Boris Johnson declares war on MPs by suspending Parliament weeks before Brexit

Boris Johnson will ask the Queen to suspend Parliament within days, it is reported.
Boris Johnson today declared war on Parliament and the British constitution as he confirmed the Commons will be suspended weeks before Brexit.

The pound plunged by almost a cent against the Euro as the "tinpot dictator" Prime Minister announced a Queen's Speech on October 14.

His "Eton coup" means proroguing - suspending - Parliament just days from now, at the exact moment MPs were planning a law to prevent no-deal Brexit.

It will also frustrate any bid to force a no-confidence vote in the government.

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The Tory leader personally spoke to the Queen this morning, who was meeting her advisors the Privy Council at her summer retreat Balmoral, to get her permission. He then confirmed: "We are going to have a Queen's Speech and we are going to do it on October 14."

Reports suggest Parliament will sit only from a brief period, from September 3 to around September 11, before being suspended for a month.  Even after Parliament returns, time will be snarled up with debates on the Queen's Speech on October 21-22.

Lib Dem Brexit spokesman Tom Brake declared: "His declaration of war will be met with an iron fist." A former minister told The Times: "It's outrageous and profoundly undemocratic."

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Deputy Labour leader Tom Watson tweeted: "This action is an utterly scandalous affront to our democracy. We cannot let this happen."

Shadow Education Secretary Angela Rayner tweeted: "A constitutional outrage plain and simple.

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"Charles 1st did this regularly which caused chaos, now an unelected PM seeking to shut parliament down for his own political gain.

"This isn't taking back democracy - this is destroying democracy.''

It comes just a day after Jeremy Corbyn and opposition leaders agreed to table a law next week aimed at blocking a no-deal Brexit on October 31.

More than 200 MPs also signed a declaration in Westminster's Church House, vowing to carry on sitting in an alternative venue if Parliament is suspended.

Moments before the Queen's Speech emerged, Tory Rory Stewart warned MPs would continue to run Parliament somewhere else if it was suspended.

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The move, which No10 sources branded "entirely false" just three days ago, confirms weeks of speculation that the Prime Minister plans to send MPs home to stop them blocking a no-deal Brexit .

Speaking to cameras in Downing Street, Boris Johnson today claimed he was taking the move so he could get on with his programme for government.

But Tory MP Justine Greening said: "Everyone can see this for what it is, a grubby attempt to force No Deal.

"As a Privy counsellor and MP, I cannot support putting the Queen in an impossible position and closing down debate."

The final decision to prorogue Parliament for a Queen's Speech rests in the Queen's hands, and a request had to be made by the Privy Council of advisors - compiled of eminent politicians. But it would have been unprecedented for the monarch to say no.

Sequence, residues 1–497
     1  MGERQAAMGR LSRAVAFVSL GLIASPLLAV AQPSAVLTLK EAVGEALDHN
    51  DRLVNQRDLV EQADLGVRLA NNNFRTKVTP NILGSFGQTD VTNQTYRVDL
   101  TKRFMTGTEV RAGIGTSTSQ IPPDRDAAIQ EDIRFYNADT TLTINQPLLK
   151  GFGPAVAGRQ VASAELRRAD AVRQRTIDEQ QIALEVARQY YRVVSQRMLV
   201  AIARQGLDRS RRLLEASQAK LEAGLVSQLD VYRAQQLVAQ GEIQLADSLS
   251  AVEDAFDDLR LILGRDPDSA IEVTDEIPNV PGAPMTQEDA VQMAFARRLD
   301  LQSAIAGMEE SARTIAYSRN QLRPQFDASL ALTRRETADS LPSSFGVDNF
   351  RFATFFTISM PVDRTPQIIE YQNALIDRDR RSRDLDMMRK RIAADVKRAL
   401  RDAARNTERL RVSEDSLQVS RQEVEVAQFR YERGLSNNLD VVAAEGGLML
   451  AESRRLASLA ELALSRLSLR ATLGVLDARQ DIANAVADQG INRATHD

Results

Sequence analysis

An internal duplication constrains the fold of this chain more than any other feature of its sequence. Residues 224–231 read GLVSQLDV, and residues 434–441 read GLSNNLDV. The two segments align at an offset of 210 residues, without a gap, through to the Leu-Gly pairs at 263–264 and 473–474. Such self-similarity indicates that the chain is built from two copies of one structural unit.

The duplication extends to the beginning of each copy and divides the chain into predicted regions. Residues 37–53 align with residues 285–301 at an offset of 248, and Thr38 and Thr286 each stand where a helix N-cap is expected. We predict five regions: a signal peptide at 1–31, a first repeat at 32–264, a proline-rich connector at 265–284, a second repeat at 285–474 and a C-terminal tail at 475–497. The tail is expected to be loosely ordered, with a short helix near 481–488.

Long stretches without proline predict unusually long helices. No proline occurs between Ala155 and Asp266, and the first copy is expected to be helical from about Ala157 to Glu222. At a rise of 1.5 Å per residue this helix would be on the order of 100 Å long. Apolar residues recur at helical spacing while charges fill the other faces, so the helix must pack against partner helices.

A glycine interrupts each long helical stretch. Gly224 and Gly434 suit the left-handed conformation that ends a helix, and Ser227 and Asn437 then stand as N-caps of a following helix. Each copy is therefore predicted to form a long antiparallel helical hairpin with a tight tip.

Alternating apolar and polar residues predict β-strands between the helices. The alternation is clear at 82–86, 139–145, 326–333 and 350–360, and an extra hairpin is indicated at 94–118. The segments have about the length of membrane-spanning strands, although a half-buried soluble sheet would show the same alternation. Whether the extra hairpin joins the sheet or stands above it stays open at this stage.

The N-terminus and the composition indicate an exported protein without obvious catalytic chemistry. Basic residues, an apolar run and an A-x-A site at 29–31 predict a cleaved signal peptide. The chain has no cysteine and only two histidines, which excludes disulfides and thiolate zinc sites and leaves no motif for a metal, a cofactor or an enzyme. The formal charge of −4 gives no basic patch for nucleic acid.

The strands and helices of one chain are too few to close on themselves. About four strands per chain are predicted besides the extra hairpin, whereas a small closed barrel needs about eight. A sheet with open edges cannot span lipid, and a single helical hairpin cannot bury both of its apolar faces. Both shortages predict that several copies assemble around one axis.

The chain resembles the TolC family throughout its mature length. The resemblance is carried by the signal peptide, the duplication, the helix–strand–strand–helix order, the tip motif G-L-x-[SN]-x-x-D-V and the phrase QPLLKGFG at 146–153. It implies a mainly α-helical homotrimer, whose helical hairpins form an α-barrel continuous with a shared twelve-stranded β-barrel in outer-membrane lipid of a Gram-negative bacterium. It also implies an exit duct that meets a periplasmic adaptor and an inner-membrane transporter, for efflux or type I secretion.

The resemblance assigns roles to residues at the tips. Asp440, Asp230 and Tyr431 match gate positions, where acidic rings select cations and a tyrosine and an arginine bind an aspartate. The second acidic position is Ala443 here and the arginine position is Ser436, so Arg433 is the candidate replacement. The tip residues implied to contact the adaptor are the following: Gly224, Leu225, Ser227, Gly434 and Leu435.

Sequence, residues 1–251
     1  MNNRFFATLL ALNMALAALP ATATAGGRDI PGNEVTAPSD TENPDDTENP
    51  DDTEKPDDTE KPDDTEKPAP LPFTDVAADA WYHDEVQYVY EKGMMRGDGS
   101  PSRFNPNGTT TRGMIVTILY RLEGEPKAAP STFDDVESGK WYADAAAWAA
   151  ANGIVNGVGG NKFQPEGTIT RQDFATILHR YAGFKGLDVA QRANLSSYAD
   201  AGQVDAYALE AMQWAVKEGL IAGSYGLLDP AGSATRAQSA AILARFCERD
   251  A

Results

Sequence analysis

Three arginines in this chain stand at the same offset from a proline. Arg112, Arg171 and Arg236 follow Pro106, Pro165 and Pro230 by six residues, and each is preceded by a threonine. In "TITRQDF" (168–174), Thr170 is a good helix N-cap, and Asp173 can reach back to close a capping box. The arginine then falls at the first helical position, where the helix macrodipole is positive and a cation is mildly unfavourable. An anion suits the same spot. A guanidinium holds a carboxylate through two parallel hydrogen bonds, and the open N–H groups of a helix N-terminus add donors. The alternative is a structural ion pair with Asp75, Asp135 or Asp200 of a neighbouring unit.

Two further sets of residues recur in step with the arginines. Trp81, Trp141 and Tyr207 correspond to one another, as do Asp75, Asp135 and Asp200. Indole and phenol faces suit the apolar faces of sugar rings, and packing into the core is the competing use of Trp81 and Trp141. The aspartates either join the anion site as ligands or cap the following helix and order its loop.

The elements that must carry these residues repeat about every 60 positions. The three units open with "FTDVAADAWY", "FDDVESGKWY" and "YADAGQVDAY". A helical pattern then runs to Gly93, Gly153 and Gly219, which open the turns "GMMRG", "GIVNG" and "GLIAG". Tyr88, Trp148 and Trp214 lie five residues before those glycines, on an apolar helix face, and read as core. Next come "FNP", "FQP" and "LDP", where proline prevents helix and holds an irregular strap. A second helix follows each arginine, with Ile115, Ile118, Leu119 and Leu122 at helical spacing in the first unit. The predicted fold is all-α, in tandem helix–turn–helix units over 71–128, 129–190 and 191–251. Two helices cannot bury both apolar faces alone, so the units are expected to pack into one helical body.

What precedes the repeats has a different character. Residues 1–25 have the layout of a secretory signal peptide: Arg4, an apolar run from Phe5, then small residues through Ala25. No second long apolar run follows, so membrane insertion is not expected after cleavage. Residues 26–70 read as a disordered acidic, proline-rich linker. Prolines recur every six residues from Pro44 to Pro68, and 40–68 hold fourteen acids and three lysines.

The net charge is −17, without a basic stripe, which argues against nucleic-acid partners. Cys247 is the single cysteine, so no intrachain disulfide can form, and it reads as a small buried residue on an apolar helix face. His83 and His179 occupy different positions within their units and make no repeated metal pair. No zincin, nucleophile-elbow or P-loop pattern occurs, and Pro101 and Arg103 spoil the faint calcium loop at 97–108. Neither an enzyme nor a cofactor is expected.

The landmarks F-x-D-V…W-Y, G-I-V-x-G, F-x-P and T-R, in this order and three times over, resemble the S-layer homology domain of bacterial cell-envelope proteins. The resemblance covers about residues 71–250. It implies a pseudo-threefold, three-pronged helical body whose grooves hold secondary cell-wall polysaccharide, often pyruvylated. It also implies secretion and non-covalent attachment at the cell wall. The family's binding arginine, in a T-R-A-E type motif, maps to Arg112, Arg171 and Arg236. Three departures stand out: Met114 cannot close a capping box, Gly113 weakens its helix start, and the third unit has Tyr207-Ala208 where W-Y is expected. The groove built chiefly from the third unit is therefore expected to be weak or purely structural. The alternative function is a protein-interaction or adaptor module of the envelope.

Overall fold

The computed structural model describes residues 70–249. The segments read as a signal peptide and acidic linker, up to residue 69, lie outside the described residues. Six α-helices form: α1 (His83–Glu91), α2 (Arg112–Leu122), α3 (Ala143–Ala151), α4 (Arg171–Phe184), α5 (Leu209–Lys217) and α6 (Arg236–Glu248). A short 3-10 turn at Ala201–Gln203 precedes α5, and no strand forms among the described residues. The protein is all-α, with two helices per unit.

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A Downing Street source told the BBC it would be a "bog-standard" Queen's Speech process about "improving the NHS, helping police fight violent crime, stopping violent criminals getting out early, investing in science + infrastructure, and attacking the cost of living with aggressive tax cuts + other measures".

The last Queen's Speech was held more than two years ago - the longest gap in 400 years.

And MPs were due to leave the Commons anyway for up to three weeks for their standard party conferences recess, around the end of September.

But Scotland's First Minister Nicola Sturgeon tweeted: "It seems that Boris

Johnson may actually be about to shut down Parliament to force through a no deal Brexit.

"Unless MPs come together to stop him next week, today will go down in history as a dark one indeed for UK democracy."

It comes hours after Chancellor Sajid Javid confirmed he had brought forward a budget speech to next Wednesday to offer billions of pounds for police, education and the NHS.

That has sparked fresh speculation that Boris Johnson is laying the ground for an early general election - possibly one forced on him by a no-confidence vote.

Former Labour MP Chris Leslie said: "If true, this undemocratic manoeuvre to try and shut down Parliament must be fought every step of the way.

"How totally underhanded of Boris Johnson to make the Queen sign off on this plot it in a secret ceremony up in Balmoral.

"The House of Commons must assemble and veto this."

Labour MP Stephen Doughty said the "unconstitutional and undemocratic outrage" would "pull the Queen into a major political crisis".

Green MP Caroline Lucas said on Twitter: "Wasn't this meant to be about 'taking back control'? The act of a cowardly Prime Minister who knows his reckless No Deal Brexit will never gain the support of MPs. A constitutional outrage which Parliament and the people will oppose."

Green MEP Molly Scott Cato added: "This will mean the end of democracy in Britain."

"If the Queen is asked to help, she would do well to remember history doesn’t look too kindly on royals who aid and abet the suspension of democracy."

Former Tory MP Sarah Wollaston said the Prime Minister was "behaving like a tin pot dictator".

Labour MP Paul Sweeney added: "This is an attempted coup by an elite old Etonian against our democratic Parliament. It will however only serve to galvanise MPs to strike hard and decisively to prevent a no deal Brexit next week."

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